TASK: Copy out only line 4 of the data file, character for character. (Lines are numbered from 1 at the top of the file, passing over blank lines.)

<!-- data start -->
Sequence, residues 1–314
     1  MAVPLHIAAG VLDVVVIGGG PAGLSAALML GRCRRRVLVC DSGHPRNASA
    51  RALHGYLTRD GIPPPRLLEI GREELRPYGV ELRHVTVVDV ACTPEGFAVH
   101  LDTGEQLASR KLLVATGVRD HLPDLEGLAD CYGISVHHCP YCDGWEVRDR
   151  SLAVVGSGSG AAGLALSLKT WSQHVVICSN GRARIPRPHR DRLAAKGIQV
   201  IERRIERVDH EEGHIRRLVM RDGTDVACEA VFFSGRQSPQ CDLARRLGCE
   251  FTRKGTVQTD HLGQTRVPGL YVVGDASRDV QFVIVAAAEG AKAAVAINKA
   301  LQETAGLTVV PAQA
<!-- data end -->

   101  LDTGEQLASR KLLVATGVRD HLPDLEGLAD CYGISVHHCP YCDGWEVRDR